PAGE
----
James Bond Style

    Bond is back. But for "Quantum of Solace," the 22nd installment of the franchise, the always-dapper 007 has a new costumer, a new tux designer and a new muse. Actually, make that an old muse: Sean Connery. "I wanted to take Bond back to the '60s -- simple and skimpy, the look Bond had when he started," said veteran costumer Louise Frogley, who is making her debut as the woman behind the man -- and the 200 other characters and stunt men in the film. What did it take to outfit them all? The British designer, whose credits range from "Bull Durham" to "Leatherheads," recently chatted with StyleList about the challenges.

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    For decades, Bond and Brioni were synonymous. But for Bond 22, it was out with the high-priced Italian menswear house and in with the high-style American, Tom Ford, who created 007's suits, coats, shirts and ties. Luckily for Daniel Craig -- who wears Ford off-screen and on -- both the designer and the costumer were literally on the same page. "We were both inspired by William Claxon's book about Steve McQueen," said Frogley. "I wanted to take Bond back to the '60s, and, by coincidence, that was exactly what Ford was doing in his menswear."

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    For Bond's suits, Frogley said she asked Ford to used a tonic mohair fabric that she says "a lot of groovy young things are wearing. It's slightly shiny and very nice." New Bond-girl Gemma Arterton (Agent Fields) shows up in lots of Prada sheaths, like this charcoal confetti-splatterd design from the Fall '07 collection. If it all has a bit of a "Mad Men" feel, that's the point. "The sheath dress, cut just below the knee, is very of-the-moment," Frogley says.

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    Now that's more like it. Channeling the rugged Steve McQueen, Bond ditched his natty Tom Ford suits for something more rough-and-tumble. To create the ripped-and-rugged look, Frogley brought in pieces from Adidas Y3 and Levi's Sta-Prest Pants.

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    With films like "Leatherheads," "Syriana" and "Traffic" to her credit, it's clear that Frogley loves dirty movies -- or, should we say, mud-and-mayhem movies. It's not that grime is tougher to do than glitz -- the sleek "Ocean's Thirteen" is another of her films -- it's just trickier." One of the main considerations is quantity," she says. "Instead of one stunt man, you have several doing stunts for Bond. And you often have to have the clothes aged to different stages of deterioration. We wound up with 20 multiples for each change. If Bond is wearing a suit, then you have 20 suits made, 20 shirts, 20 ties, 20 pairs of shoes. That means each stuntman has to have his own wardrobe to do his particular skill, like climbing ropes or driving cars."

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    To transport Bond back to his roots, Frogley created a look that was "detached from reality. We wanted something very, very iconic . The pieces had no patterns at all. His ties -- when he wore them -- all had small self-patterns. The feel is very graphic." Necessity, of course, is the mother of invention -- or, at least, small shirt collars. "The thing about Daniel Craig is that, like most classic film stars, he has a big head and face, and if you compete with that with fashion, you spoil that good thing about him."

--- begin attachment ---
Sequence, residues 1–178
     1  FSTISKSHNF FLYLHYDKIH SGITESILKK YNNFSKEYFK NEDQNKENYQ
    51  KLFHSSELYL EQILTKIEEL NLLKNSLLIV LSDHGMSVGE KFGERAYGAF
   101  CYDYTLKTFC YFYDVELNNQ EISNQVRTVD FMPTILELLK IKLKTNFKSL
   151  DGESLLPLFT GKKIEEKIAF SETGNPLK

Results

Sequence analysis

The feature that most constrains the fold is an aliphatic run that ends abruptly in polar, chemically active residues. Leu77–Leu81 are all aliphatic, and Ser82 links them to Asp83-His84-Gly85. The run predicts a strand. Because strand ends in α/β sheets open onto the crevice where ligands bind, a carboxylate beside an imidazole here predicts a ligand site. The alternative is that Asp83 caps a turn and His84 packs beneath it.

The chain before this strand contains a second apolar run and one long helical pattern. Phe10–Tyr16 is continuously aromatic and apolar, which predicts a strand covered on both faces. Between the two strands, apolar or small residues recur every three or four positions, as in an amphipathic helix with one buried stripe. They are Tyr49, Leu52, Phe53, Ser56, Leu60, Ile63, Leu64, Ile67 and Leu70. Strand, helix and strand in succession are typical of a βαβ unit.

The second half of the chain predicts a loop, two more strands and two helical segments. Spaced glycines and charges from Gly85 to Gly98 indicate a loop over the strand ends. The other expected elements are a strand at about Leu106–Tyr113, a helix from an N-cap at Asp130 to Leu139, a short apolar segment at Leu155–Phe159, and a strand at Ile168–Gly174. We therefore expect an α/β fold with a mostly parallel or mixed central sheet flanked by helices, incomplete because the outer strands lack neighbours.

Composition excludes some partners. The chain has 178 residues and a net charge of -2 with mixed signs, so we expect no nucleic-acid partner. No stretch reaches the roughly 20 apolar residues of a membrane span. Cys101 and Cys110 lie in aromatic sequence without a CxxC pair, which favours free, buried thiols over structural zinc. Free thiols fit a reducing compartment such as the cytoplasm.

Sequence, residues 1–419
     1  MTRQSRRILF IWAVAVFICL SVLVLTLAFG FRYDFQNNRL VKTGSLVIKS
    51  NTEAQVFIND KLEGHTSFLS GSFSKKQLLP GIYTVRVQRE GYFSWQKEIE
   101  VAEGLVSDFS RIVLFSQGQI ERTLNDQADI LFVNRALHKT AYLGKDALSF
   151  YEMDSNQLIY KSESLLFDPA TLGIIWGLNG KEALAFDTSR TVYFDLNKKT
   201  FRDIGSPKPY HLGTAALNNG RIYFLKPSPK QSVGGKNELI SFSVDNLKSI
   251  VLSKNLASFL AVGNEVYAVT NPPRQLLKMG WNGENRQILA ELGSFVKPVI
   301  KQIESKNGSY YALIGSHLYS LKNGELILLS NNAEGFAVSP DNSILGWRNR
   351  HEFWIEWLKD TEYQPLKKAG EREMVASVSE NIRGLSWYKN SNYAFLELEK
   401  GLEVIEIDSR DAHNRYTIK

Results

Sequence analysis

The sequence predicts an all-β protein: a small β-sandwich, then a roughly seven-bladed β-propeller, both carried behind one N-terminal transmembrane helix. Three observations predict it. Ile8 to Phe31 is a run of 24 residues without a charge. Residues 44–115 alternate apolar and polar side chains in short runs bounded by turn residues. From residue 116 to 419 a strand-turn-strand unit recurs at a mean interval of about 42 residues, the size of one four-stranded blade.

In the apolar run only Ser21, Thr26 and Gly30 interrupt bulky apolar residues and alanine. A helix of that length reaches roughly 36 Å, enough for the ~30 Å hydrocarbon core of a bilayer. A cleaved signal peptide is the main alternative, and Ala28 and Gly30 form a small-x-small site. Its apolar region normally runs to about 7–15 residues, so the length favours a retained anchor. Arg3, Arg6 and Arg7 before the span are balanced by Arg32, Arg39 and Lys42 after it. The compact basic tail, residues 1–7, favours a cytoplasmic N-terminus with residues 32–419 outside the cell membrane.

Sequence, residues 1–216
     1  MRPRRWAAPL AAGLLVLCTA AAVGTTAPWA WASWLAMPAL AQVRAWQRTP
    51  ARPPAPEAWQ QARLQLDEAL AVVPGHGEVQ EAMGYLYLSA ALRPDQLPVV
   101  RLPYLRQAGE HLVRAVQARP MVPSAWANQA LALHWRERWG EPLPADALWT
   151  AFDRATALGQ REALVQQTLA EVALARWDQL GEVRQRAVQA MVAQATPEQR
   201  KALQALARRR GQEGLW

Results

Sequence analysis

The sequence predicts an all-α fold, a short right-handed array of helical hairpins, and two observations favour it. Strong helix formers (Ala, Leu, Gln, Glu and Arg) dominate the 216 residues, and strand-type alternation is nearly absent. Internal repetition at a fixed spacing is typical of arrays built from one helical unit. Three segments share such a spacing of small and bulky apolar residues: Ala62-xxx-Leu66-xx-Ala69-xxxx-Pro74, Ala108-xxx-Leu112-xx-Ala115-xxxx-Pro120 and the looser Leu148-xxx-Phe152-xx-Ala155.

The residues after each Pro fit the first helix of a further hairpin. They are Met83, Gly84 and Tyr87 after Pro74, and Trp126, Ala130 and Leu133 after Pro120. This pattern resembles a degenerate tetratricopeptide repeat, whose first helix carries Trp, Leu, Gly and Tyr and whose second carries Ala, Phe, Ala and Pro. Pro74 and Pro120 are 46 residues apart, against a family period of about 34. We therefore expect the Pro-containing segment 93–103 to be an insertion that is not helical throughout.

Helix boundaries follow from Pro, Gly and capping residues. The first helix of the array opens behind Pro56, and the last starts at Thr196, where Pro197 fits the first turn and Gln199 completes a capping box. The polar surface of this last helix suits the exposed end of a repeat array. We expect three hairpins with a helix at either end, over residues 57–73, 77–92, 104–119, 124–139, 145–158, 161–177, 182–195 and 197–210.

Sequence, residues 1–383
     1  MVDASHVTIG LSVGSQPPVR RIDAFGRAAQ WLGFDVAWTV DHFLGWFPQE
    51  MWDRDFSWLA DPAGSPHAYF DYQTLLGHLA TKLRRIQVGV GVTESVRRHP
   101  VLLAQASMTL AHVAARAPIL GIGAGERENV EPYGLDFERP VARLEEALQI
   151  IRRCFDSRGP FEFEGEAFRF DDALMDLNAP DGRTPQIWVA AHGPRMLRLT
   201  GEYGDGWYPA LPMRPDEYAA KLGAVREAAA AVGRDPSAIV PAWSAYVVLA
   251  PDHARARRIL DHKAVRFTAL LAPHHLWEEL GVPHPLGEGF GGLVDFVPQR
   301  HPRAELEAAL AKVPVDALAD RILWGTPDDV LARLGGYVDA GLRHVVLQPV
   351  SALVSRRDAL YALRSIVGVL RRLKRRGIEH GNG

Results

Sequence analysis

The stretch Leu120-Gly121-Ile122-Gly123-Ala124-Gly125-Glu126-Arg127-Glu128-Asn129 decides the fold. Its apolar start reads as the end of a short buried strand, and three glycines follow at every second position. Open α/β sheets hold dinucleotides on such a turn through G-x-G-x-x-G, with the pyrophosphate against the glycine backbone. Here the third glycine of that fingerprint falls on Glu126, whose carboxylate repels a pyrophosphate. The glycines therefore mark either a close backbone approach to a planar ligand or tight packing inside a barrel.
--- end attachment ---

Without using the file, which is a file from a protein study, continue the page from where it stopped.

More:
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    "Quantum" may have been shot in color, but the effect Frogley envisioned was steely, "almost like a graphic novel." For Judi Dench's character "M," the costumer chose pieces by sportswear designer Marina Rinaldi, hoping to echo some of the tenseness of "Good Night and Good Luck," the sober '50s era drama that Frogley also costumed. "We wanted this to be all black and white and strict," she said. "I like that tenseness."

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    "Often people think that if you dress in a classic manner, you are dull and live a quiet life," Tom Ford told Time magazine this month. "James Bond lives exactly the opposite life." Similarly, Frogley didn't think clothes for the Bond women had to shout. "I didn't want to do a lot of bosoms," she says. "Everyone's got a bosom." The one dress that isn't a plain sheath is the flirty Prada dress worn by actress Olga Kurylenko (who plays Camille). It had the one thing every Bond girl needs: "It was a really brilliant cut, with a lot of hidden panels, so she could move a lot," says Frogley."

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    Sometimes girls just wanna have fun, which is what Frogley did by adding a dash of colorful Jasper Conran to Kurylenko's wardrobe. Though "Quantum" is utterly testosterone-driven, Frogley says it's not hard to dress a mostly male cast. "It's all very straightforward. What's hard is the proportion of the face to the body and what looks good in a closeup. That is my primary preoccupation -- getting everything to the right scale."

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    Perhaps the most clever of Frogley's tricks: her take on the classic guayabera. "I had them made from old tablecloths, and they were just fabulous," she laughed. "We were filming in Panama, and I found them in a shop in Colon. I had loads and loads matched up."

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